Note the difference in contrast and color between Chen and the front-projected image behind him. The scale of the projection is too big to be filmed on a standard Rear Projection (Process) setup. This can’t be a traveling matte optical, either: the smoke from Chen’s gun would almost always have matte line issues.
In the 1970s the 3-M Front Projection (FP) screen material available was inconsistent between rolls, and close to the edges. For large screens they recommended cutting up the rolls into many patches, to be glued over a large screen like random puzzle pieces. On Peking Man the FP material seems to be applied like wallpaper. In more than one shot the flaws in the vertical panels of FP material are clearly visible in the ‘sky.’ Here is an example, with Ah-wang being transported on a freighter. Those vertical streaks aren’t film scratches.
The backgrounds in Peking Man’s FP shots look milky, with low contrast and slightly flat color. Stanley Kubrick obtained perfect FP illusions in his ‘Dawn of Man’ sequence for 2001, but he was projecting oversized still images. The flying sequences in Superman: The Movie are on the dull side. Doug Trumbull’s Silent Running also has a few FP shots in which the blackness of space is slightly washed out.
The disc also carries three good interviews, with actor Ku Feng, the director Ho Meng-hua, and a third, lengthy talk with Japanese monster designer and effects expert Keizo Murase. The veteran artist sculpted Varan the Unbelievable and did a range of monster effects on The H-Man, Mothra, Gorath and three of the best Godzilla pictures. Murase says that the Japanese effects experts had difficulty obtaining Hong Kong work visas, and notes that their miniature unit worked independently of the live-action director. He tells us that the gigantic ‘miniature’ grandstand for Ah-wang’s arena debut was filled with little figurines that wave their arms — tiny ‘arms’ made of paper and agitated by fans. ↑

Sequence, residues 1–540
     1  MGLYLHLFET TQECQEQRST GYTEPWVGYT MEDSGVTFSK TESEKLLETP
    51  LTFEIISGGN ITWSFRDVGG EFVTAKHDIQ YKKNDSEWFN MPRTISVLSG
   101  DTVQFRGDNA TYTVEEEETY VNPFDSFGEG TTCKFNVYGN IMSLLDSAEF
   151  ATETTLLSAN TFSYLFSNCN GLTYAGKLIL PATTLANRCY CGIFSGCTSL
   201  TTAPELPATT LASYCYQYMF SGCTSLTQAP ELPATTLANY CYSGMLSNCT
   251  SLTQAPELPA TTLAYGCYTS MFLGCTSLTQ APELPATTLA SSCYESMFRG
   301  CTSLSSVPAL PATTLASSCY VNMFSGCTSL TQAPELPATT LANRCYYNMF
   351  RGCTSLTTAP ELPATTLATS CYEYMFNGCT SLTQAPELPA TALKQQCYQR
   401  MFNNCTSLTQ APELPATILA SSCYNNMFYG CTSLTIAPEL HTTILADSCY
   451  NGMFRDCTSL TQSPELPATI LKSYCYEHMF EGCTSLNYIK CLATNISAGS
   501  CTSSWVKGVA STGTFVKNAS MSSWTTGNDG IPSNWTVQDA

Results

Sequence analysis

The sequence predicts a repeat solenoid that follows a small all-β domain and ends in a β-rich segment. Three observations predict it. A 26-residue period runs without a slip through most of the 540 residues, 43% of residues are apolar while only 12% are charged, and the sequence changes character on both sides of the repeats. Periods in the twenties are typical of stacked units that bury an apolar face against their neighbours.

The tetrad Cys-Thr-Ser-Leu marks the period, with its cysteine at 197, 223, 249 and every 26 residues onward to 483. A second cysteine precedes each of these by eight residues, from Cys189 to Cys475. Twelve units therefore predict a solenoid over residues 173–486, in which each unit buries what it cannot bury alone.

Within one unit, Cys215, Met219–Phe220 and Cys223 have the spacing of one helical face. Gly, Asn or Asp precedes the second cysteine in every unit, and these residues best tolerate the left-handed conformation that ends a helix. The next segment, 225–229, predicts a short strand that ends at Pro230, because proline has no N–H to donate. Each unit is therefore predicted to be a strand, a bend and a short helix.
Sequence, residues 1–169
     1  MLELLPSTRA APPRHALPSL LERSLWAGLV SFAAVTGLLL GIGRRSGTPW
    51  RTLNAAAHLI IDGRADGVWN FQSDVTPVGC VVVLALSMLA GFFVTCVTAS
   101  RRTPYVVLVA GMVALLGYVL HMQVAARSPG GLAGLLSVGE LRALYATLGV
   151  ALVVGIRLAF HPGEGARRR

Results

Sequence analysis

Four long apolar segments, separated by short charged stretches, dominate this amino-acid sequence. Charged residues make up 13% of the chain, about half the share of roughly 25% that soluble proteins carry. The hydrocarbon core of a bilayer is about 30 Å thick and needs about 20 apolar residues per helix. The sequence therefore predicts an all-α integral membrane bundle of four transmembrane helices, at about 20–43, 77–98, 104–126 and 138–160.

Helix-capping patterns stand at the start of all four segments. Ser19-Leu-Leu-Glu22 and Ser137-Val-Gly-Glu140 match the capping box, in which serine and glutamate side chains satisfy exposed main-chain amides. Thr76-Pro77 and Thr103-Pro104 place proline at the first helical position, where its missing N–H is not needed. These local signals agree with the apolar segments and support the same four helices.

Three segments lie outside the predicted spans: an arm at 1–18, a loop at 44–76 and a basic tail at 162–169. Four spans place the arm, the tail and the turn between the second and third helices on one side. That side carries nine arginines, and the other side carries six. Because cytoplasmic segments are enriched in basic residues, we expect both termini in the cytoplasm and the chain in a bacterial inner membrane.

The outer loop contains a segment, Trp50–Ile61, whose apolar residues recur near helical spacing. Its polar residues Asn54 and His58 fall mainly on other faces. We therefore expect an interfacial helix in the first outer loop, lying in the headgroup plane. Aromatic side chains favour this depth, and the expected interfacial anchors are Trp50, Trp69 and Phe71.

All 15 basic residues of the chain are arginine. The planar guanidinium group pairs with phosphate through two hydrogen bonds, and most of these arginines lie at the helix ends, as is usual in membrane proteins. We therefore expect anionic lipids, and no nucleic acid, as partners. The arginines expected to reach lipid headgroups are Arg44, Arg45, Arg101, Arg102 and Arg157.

A ‘Goliathon’ title sequence is present as well as a gallery with beautiful original color still images. It’s clear that Shaw Bros./Celestial threw open their vaults to collaborate on this disc set.
Just to give Arrow their full due, here are the full contents of the monster Shawscope 1 Box:–
High Definition (1080p) Blu-ray presentations of King Boxer (Five Fingers of Death), The Boxer from Shantung, Five Shaolin Masters, Shaolin Temple, Mighty Peking Man, Challenge of the Masters, Executioners from Shaolin, Chinatown Kid, The Five Venoms, Crippled Avengers, Heroes of the East and Dirty Ho.
Brand new 2K restorations by Arrow Films from the original camera negatives of King Boxer, The Boxer from Shantung, Challenge of the Masters, The Five Venoms, Crippled Avengers and Dirty Ho.
Brand new 2K master of the longer international cut of Chinatown Kid from original film elements.
Original lossless mono audio in Mandarin, Cantonese (where applicable) and English.
Newly translated English subtitles for each film.
Hours of bonus features including brand new commentaries and critic appreciations on selected films, new and archive interviews with cast and crew, alternate credit sequences, trailer and image galleries for each film.
60-page book featuring new writing by David Desser, Simon Abrams and Terrence J. Brady, with cast and crew info for each film plus trivia and soundtrack info; New artwork by Matthew Griffin, Chris Malbon, Jacob Phillips, Ilan Sheady, Tony Stella, Darren Wheeling and Jolyon Yates.
Reviewed by Glenn Erickson
Mighty Peking Man
Included on the Arrow Video Shawscope: Volume One 8-Disc Limited Edition
Movie: Fair but Outstanding for “high camp Chinese style”
Sound: Excellent (Mandarin and English)
Supplements: Commentary by Travis Crawford, three interviews with: actor Ku Feng, director Ho Meng-hua, effects expert and monster designer Keizo Murase; second unrestored SD feature; ‘Goliathon’ titles sequences; image gallery.
Deaf and Hearing-impaired Friendly? YES; Subtitles: English (feature only)
Packaging: One Blu-ray; in an eight Blu-ray book holder with booklet in large hard card sleeve
Reviewed: January 7, 2022
Text © Copyright 2022 Glenn Erickson
Here’s Brian Trenchard-Smith on The Mighty Peking Man: